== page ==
Our third foray turned out to be a disaster. It was our foray into the publishing stage and when the site was revealed as an obvious fake (the headline read: HOAX, you dummies), the whole community felt duped by our work (ultimately entitled: Android Deconstruction Site). Critics reviled our paper ("they're miniatures, fucking idiots" -- not really constructive criticism, we felt) while a small group of people claimed it was a parody, but only a parody of ourselves. We, of course, went underground (literally).
Our communication is now short and truthful. We wish to apologize for any consternation, but we also wish it to be known that it was an accident. The whole thing. A train wreck, so to speak. Unavoidable and calamitous. That is all.
At Independent Site by Forrest
Party has learned too late plasticine excavations in mild afternoon weather spur another’s geophagy. Like before, toast-squares applied to solid tea at breakfast, washed ourselves down in miniature wheelbarrows suddenly extant. Dug without fear and satiety. Research should not nauseate when substances continue materializing. Yesterday mud cascades, unexplained filling-ins afforded one of us escape. Tiny rumblings of trains in the night! Profanity withheld at deserter’s tent. Cot sat empty, save field journal. Kettle on heater filled with liquid plaster (he always claimed it was solid coffee). Tasted grainy. Not professional. Same his journal. Numerous passages highlighted. Sipped liquid plaster on his cot and read, Stones are really pebbles, Culture had access to Euclidean geometry, et al. Indecipherable. Baseless, shoddy, agreed. We burned his tent. Threw boulders on train tracks—likely will be moved somehow by tomorrow morning. Party morale low, but new discovery of cardboard at site keeps us from being dismayed by whistles in the distance.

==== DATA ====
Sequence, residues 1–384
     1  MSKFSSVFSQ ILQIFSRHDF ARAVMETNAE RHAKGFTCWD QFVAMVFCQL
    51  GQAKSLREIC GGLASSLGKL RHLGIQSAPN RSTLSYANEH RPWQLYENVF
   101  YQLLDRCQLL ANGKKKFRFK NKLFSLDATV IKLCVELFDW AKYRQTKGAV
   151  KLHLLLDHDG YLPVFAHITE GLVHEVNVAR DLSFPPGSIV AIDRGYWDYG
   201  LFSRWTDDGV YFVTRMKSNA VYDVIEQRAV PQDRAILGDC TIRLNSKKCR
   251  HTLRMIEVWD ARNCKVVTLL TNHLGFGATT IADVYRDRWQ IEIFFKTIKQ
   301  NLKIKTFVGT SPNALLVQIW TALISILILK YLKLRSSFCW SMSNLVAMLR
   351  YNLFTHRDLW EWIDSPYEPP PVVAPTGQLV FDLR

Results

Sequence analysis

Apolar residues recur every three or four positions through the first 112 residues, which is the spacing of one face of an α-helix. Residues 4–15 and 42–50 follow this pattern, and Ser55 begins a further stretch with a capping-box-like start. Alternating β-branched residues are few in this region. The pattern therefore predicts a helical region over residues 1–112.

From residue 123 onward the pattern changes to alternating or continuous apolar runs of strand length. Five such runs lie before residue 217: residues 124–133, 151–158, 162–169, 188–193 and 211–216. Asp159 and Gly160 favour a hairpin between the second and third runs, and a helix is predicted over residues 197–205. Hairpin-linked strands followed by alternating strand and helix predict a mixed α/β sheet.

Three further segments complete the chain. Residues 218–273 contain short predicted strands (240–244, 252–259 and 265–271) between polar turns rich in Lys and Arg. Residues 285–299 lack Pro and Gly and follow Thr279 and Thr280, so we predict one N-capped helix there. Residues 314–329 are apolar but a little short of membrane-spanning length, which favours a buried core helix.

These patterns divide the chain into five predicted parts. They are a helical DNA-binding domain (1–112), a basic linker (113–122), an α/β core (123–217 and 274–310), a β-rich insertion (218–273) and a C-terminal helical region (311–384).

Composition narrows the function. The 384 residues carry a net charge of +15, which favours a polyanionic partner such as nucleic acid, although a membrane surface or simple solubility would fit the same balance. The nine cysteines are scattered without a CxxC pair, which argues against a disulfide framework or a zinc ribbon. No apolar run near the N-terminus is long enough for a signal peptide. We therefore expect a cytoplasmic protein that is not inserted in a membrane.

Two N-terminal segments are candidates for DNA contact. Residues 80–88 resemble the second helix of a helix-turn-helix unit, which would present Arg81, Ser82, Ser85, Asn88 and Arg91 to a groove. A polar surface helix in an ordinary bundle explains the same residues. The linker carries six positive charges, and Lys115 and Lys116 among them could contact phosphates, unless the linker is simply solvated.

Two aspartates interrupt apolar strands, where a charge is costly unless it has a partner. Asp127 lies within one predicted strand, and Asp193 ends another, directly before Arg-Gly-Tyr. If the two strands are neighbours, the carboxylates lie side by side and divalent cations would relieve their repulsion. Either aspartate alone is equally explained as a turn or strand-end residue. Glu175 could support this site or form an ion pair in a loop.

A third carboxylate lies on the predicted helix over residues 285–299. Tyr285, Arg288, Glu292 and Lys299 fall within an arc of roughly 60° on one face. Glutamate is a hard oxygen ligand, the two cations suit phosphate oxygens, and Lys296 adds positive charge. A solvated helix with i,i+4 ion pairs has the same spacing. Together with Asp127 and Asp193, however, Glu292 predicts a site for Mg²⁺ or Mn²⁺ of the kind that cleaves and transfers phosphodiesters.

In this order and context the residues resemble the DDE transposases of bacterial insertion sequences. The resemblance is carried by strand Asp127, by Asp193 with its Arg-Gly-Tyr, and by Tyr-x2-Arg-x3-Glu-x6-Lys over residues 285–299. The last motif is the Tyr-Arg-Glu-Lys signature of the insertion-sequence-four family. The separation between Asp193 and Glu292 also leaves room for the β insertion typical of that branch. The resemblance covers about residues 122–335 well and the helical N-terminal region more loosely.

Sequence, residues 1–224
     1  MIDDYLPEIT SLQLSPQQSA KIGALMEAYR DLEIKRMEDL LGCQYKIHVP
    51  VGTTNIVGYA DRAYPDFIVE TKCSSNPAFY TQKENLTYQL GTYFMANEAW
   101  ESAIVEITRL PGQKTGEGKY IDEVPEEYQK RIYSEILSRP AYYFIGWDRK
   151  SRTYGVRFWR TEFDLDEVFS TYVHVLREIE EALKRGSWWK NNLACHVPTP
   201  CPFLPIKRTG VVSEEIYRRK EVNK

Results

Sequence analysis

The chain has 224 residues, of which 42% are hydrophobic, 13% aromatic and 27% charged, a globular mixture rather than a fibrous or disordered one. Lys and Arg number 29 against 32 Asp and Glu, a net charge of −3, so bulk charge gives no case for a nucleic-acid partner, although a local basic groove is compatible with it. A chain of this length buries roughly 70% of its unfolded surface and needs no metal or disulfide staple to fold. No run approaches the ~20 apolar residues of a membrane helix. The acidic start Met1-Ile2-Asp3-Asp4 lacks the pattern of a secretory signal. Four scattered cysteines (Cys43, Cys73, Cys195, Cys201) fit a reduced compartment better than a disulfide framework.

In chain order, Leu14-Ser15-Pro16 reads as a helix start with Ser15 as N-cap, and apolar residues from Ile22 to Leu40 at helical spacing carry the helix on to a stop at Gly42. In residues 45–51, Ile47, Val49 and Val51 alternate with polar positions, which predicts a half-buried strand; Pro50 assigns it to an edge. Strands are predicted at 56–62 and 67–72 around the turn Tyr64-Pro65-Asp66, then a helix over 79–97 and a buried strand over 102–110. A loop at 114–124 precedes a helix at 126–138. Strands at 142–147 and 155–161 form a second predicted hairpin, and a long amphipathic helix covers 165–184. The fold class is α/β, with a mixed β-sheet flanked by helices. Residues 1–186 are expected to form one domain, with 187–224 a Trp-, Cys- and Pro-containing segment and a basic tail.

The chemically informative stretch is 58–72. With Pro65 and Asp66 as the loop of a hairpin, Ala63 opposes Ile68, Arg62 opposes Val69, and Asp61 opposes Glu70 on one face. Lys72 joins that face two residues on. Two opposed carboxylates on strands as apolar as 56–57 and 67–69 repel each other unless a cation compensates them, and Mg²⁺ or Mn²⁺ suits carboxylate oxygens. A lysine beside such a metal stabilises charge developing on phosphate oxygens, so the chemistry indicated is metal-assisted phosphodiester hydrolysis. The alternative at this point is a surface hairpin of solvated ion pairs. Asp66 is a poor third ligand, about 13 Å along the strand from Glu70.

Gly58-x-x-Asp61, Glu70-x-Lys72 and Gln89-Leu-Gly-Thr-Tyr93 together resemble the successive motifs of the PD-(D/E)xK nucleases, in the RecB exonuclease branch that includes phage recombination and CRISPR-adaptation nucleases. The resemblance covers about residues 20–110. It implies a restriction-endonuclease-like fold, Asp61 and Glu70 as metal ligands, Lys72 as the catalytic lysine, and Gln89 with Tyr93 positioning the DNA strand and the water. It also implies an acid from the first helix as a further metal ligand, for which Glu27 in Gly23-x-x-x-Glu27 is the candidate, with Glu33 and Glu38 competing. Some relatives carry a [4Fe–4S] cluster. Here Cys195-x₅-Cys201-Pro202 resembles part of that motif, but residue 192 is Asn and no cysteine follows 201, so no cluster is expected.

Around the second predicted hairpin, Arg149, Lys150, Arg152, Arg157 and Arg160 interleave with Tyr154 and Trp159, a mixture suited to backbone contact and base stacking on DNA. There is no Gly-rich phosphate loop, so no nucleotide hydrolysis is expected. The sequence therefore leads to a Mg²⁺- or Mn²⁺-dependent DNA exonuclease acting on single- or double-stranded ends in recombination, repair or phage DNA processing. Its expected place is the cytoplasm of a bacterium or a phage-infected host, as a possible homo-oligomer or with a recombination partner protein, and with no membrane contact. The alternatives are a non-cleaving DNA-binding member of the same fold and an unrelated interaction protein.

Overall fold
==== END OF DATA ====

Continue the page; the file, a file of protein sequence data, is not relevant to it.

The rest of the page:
Untitled by Bill
Daniel caught the scent in his bucket – Fenton must have wandered out here drunk last night and used it to vomit into. Daniel pushed the bucket away from him and bent back to the screen. He glanced backwards under his elbow at Mol, faggy scarf on her head, sketching out the contours of the site on the edge of the pit, holding the arms out away from her but resting the pad on her knee. That piece of shit Rocher just watching them. Daniel hated to be watched while he worked, hated doing work while someone else stood around and watched. He stood up and stared at the scientist, grinding his teeth. He pulled off his gloves, walked across to where Henry pulled up with the wheelbarrow next to Rocher and past them down the tracks back into town. Let them make the casts themselves if they needed them right away.
Apnea by Beth
At night she dreams of wet passageways. She dreams the smell of wet iron, the beam of her flashlight shining on wall after wall, moving forward with no promise of an end. She wakes and wakes.
She has promised Carl that when she goes home she will see the doctor. Carl worries. He says sometimes he lies awake and listens to her sleep, wills her to start breathing again, wonders if he should wake her and remind her to breathe. Carl sleeps warm against her, and sometimes the warmth loosens the strained muscles in her back, and sometimes she just wants to shake him off like a heavy blanket, although it gets so cold in the tents late at night. Maybe she sleeps fine, breathes fine, in her bed at home. She doesn’t remember ever waking so often.
Every day the sun streams down as they crouch and pick, brush and blow the dust around. From time to time she looks up at the cloudless sky, tries to rest her eyes. She wishes she could see the sky pure blue, without the little hairs and bits of dust floating in her eye fluid. She wants something that simple.